Every Friday morning, we’ll answer Twitter and email questions submitted for these mailbags and our twice-a-week Access Vikings podcasts. Check out or latest podcast previewing Sunday’s game in Chicago. 

Q: Shouldn’t the Vikings slide protection to where Khalil Mack is lined up and take him out of the game? He is their best player. — @vikingmaniac

AK: Take a look at last year’s season finale against the Bears, when coordinator Kevin Stefanski called his third game, Khalil Mack was shut out of the stat sheet (not even a tackle) and they lost 24-10. The problem is the Bears defense, especially when DT Akiem Hicks is healthy, can overpower the offensive line from multiple directions.

The Vikings offense started that game with four three-and-outs. During that stretch, Mack had two pressures on Cousins while his teammates — Eddie Goldman (sack), Hicks (sack), Leonard Floyd (tackle for a loss) — made impact plays. They schemed Mack by running away from him and chipping him with a tight end in pass protection, but the Vikings offense was no match in other areas.

The Vikings’ interior line needs to play better than it did last season against the Bears. Mike Zimmer said as much Wednesday when addressing how critical timing will be to the Vikings’ quick passing game at Soldier Field. “It’ll be important to keep the middle of the pocket clean,” Zimmer said, “so we don’t get balls batted down.”

In short, the Vikings need to scheme around Mack again, but the game can also be won or lost with other matchups up front.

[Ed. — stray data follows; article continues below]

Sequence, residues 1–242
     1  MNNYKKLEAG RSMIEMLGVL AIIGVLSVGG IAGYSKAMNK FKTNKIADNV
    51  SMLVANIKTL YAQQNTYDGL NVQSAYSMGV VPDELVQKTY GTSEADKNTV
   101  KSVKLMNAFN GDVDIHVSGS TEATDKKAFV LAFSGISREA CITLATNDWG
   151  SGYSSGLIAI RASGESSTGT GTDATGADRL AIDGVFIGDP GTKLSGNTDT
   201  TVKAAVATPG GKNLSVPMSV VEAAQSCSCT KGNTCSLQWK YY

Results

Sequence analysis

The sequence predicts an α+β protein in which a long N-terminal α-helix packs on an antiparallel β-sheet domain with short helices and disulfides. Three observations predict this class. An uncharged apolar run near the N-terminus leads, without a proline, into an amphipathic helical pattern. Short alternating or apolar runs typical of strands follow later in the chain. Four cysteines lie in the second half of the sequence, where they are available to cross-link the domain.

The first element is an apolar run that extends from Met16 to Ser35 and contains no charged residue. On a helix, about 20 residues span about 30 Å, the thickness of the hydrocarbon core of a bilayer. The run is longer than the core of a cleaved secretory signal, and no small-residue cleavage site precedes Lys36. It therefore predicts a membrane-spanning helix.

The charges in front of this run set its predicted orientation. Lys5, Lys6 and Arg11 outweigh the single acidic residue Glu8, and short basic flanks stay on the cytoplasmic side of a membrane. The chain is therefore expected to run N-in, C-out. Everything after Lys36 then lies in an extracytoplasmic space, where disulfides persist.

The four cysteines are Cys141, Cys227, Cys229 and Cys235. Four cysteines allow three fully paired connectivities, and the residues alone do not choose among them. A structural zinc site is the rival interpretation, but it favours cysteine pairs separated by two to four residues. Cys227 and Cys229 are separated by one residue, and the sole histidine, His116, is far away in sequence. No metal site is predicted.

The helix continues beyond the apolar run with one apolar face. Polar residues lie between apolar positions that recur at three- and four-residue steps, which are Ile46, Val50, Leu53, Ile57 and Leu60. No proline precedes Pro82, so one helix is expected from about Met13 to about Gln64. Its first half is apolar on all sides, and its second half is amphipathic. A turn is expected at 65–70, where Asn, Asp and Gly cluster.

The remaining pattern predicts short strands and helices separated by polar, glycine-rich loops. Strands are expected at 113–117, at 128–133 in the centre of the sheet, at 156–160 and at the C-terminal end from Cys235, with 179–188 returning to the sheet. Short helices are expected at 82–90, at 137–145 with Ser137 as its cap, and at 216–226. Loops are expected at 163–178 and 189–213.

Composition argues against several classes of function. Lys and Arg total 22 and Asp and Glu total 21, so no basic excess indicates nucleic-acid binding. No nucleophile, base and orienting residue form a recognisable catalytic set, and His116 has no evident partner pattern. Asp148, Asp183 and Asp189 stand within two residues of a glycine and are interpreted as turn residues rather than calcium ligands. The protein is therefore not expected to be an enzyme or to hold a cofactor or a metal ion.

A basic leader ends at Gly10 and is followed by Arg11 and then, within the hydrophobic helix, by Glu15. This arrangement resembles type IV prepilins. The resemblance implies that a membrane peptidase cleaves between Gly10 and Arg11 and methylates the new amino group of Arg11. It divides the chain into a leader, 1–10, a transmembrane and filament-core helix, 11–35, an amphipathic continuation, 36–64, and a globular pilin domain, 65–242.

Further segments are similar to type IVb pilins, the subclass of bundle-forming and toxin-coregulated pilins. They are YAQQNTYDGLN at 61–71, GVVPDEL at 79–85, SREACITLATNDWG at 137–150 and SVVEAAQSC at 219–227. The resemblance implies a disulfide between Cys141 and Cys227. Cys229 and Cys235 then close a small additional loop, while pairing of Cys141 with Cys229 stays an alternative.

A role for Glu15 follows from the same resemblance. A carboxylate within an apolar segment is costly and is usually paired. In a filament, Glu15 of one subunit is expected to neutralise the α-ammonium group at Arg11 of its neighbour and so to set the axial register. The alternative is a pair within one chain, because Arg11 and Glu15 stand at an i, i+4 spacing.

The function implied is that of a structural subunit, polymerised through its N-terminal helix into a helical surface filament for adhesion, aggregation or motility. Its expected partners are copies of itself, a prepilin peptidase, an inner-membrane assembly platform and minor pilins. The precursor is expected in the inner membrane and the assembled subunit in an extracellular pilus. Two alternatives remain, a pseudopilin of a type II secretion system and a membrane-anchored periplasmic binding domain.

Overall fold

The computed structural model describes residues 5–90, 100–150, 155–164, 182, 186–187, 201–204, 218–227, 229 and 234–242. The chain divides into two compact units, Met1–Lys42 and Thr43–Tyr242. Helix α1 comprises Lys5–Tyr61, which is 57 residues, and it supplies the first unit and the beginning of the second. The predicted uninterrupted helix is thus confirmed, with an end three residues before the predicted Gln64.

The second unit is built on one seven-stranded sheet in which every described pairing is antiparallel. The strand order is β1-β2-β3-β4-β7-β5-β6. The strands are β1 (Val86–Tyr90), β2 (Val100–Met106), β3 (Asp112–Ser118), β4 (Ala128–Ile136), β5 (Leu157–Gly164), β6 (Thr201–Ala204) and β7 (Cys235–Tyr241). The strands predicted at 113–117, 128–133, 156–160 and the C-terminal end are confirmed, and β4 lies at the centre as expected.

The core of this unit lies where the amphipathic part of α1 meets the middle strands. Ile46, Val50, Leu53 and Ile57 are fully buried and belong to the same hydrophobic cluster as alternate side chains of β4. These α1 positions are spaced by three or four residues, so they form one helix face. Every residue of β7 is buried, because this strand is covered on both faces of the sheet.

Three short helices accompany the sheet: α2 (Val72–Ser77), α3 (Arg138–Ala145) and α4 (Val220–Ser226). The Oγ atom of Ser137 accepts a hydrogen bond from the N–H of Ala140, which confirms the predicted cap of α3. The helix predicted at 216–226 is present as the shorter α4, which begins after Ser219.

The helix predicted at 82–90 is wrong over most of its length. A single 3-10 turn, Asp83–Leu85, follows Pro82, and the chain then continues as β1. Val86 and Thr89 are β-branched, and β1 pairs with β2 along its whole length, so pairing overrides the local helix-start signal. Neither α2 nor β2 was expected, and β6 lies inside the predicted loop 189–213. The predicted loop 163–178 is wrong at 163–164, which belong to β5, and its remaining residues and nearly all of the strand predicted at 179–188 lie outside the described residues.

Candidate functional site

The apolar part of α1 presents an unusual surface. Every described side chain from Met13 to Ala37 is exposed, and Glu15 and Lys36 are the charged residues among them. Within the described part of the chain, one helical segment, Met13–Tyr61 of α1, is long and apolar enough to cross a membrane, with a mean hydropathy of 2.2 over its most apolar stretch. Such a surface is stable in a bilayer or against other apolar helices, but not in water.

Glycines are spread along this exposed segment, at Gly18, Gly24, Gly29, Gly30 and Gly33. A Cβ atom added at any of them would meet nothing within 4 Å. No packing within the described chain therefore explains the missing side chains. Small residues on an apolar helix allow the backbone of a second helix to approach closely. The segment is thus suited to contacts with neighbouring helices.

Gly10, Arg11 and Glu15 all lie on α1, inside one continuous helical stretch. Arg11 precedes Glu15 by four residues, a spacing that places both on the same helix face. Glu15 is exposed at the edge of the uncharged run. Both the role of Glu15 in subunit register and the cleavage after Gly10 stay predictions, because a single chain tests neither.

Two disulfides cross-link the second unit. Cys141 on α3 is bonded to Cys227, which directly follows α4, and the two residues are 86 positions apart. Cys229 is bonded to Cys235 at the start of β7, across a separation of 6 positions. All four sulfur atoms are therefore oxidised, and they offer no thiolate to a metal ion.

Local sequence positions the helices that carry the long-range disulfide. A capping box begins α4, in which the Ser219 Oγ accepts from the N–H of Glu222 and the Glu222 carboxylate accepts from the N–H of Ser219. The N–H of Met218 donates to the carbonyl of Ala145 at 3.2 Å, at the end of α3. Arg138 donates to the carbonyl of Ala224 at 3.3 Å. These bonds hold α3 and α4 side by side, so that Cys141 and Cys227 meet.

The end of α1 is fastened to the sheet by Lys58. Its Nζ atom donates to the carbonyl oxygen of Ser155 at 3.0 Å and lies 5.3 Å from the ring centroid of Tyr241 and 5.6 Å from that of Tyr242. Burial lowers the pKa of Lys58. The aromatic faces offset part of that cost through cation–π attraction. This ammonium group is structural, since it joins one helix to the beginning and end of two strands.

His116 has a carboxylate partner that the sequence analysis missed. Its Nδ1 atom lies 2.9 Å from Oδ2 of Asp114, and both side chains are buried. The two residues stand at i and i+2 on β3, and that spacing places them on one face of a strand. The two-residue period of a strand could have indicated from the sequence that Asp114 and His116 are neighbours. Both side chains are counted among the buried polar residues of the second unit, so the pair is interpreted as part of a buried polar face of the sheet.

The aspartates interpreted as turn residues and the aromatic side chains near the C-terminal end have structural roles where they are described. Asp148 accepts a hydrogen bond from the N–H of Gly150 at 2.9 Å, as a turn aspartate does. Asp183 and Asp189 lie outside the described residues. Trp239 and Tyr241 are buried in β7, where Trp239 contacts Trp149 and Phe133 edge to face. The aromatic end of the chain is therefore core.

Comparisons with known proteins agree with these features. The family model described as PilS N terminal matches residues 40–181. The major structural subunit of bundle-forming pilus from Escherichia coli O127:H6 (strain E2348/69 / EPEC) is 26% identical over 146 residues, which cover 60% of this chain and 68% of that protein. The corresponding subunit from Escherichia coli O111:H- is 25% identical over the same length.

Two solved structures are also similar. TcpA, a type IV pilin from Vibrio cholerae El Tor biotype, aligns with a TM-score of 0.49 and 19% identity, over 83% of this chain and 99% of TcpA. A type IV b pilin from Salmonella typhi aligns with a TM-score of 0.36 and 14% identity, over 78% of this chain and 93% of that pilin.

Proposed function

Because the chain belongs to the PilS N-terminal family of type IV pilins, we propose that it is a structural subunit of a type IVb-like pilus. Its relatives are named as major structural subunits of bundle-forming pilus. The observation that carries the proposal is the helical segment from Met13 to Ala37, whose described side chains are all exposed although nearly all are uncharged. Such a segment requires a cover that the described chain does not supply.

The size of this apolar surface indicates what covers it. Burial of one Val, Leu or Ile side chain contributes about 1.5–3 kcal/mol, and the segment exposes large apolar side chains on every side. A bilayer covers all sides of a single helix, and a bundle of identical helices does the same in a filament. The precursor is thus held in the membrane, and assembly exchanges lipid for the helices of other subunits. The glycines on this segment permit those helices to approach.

Q: How much should we expect from Treadwell and Sherels on Sunday? Their previous time with the team should make this an easy plug and play, right? — @Trimp3

AK: Yes, expect punt returner Marcus Sherels and receiver Laquon Treadwell to be active and contributing on Sunday. Sherels can step in immediately to return punts, which is quite the assurance after Chad Beebe muffed a couple punts this season. Sherels said it’s “like I never left.” How much Treadwell contributes, on offense or special teams, remains to be seen. Rookie receiver Olabisi Johnson earned a roster spot over Treadwell and could step in as the No. 3 receiver if needed.

Q: Can the Vikings tight ends keep the Bears linebackers from blitzing and help open things up for Cook? — @MikeDigitalink

AK: Deploying some max protection to uncork deep play-action passes seems like a sound strategy, no? When asked about that this week, Zimmer said the Vikings have to be wary of how and when max protection is deployed against the Bears because pitting a tight end against Mack “is not a good matchup.” Mack rushes from both tackles, but more often on the left side (60%) where Riley Reiff will protect, according to Pro Football Focus. Both Reiff and right tackle Brian O’Neill are in for a long afternoon.

Where tight ends will play a critical role is run blocking, especially doubling Mack or Floyd on the edges. Chicago’s defense is allowing just over a 1/2 yard per run to the outside on 11 such attempts this season. The Bears also have one of the league’s most athletic linebacker duos in Roquan Smith and Danny Trevathan.

Q: Aside from the obvious reason for this (running game firing on all cylinders), is Cousins not seeing Stefon Diggs when he’s open down field (this has seemed to happen a few times)? — Danny Carlson

AK: Six catches in three games marks the quietest stretch of receiver Stefon Diggs’ NFL career so far. As you mentioned, game flow (21-0 leads in two of three games) has dictated the Vikings’ low-volume passing attack so far. It’s no secret they want to run the ball, but the current 56% run rate is unsustainable. With that said, Diggs’ production should increase in time. It’s dipped so far, in part, because of the bad 1-for-7 game at Green Bay, where Diggs had two drops and a touchdown negated by penalty. Yes, Cousins has also missed Diggs down the field as we broke down in this film review.

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